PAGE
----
Thanks for any suggestions. Ken.
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On Sat, 30 Aug 2003 02:10:54 GMT, snipped-for-privacy@usaor.net (Kenneth W. Sterling) wrote:

Couple of things come to mind, Ken. The first is that it appears the squarish base of the cutter doesn't quite reach to the concentric pole immediately outside the center pole, except at the very tips. You've just thrown away a good deal of your holding power with an air gap. A conventional rectangular magnetic chuck with closely spaced alternating parallel poles would most likely straddle more of the base. If you are stuck with the circular chuck, then quarter circle pole pieces made out of soft iron to extend the annular ring magnetic flux up into the body of the cutter and thence to the central pole would be helpful - would also provide an anti- torque arm to resist the grinding wheel torque. The only touchy thing would be in making the base of each quarter section the same thickness as the annular ring it abuts or you'll lose some of the flux to leakage to the other two poles on each side.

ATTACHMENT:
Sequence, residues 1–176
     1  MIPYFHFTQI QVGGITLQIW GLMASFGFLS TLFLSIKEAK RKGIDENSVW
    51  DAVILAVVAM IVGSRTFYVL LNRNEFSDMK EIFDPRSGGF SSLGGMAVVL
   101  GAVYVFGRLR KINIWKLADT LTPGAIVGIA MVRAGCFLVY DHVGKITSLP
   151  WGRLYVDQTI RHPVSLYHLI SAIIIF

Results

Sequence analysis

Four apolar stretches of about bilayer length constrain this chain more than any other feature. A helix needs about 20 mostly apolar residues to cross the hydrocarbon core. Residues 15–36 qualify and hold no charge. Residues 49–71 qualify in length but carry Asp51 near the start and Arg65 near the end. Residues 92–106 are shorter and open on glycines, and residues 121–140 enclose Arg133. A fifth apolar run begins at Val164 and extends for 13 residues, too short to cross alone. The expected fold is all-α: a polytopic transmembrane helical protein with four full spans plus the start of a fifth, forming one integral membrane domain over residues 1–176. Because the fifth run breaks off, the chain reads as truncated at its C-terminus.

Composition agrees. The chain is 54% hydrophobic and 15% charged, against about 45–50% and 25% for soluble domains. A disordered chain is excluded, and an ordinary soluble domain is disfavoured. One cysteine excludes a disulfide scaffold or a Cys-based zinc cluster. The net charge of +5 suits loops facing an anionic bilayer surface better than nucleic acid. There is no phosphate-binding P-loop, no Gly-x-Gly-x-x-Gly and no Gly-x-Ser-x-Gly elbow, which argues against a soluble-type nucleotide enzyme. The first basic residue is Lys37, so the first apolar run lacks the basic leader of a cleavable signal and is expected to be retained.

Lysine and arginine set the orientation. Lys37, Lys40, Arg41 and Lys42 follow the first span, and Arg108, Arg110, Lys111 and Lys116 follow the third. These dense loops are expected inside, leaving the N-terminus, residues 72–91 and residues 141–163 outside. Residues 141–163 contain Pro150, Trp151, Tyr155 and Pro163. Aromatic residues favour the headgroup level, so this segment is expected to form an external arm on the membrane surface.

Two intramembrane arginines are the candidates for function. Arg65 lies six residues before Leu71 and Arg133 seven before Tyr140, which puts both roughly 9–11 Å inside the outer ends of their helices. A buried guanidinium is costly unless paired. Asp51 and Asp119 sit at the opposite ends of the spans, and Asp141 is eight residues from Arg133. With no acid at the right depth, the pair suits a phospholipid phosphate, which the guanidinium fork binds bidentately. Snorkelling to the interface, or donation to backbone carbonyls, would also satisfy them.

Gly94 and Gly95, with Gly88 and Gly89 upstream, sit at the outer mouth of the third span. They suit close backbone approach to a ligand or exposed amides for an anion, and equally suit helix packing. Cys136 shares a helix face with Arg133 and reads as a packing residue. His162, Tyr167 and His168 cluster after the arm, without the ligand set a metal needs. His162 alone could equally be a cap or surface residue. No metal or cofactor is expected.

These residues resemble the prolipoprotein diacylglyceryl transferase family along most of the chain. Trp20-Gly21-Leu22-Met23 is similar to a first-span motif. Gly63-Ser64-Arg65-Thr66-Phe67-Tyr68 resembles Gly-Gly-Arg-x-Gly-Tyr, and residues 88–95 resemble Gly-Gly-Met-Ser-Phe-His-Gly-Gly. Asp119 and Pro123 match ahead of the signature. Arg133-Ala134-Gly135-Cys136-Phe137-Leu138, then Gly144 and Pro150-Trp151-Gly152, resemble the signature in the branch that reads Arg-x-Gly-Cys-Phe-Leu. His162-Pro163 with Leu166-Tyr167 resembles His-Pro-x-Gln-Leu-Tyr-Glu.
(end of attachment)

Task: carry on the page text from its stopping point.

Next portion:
Best wishes, Mike
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On Sat, 30 Aug 2003 02:10:54 GMT, snipped-for-privacy@usaor.net (Kenneth W. Sterling) wrote:

You are right - a round magnetic chuck with parallel pole pieces would produce more holding power on your workpiece setup but the difference may not be large enough to solve your problem. The main immobilising force on the magnetic chuck is the mechanical friction between the workpiece surface and the chuck surface. The magnetic field force is almost all downward with little sideways component so it doesn't matter a lot whether you try to break away in the direction along a pole piece or at rightangles to it.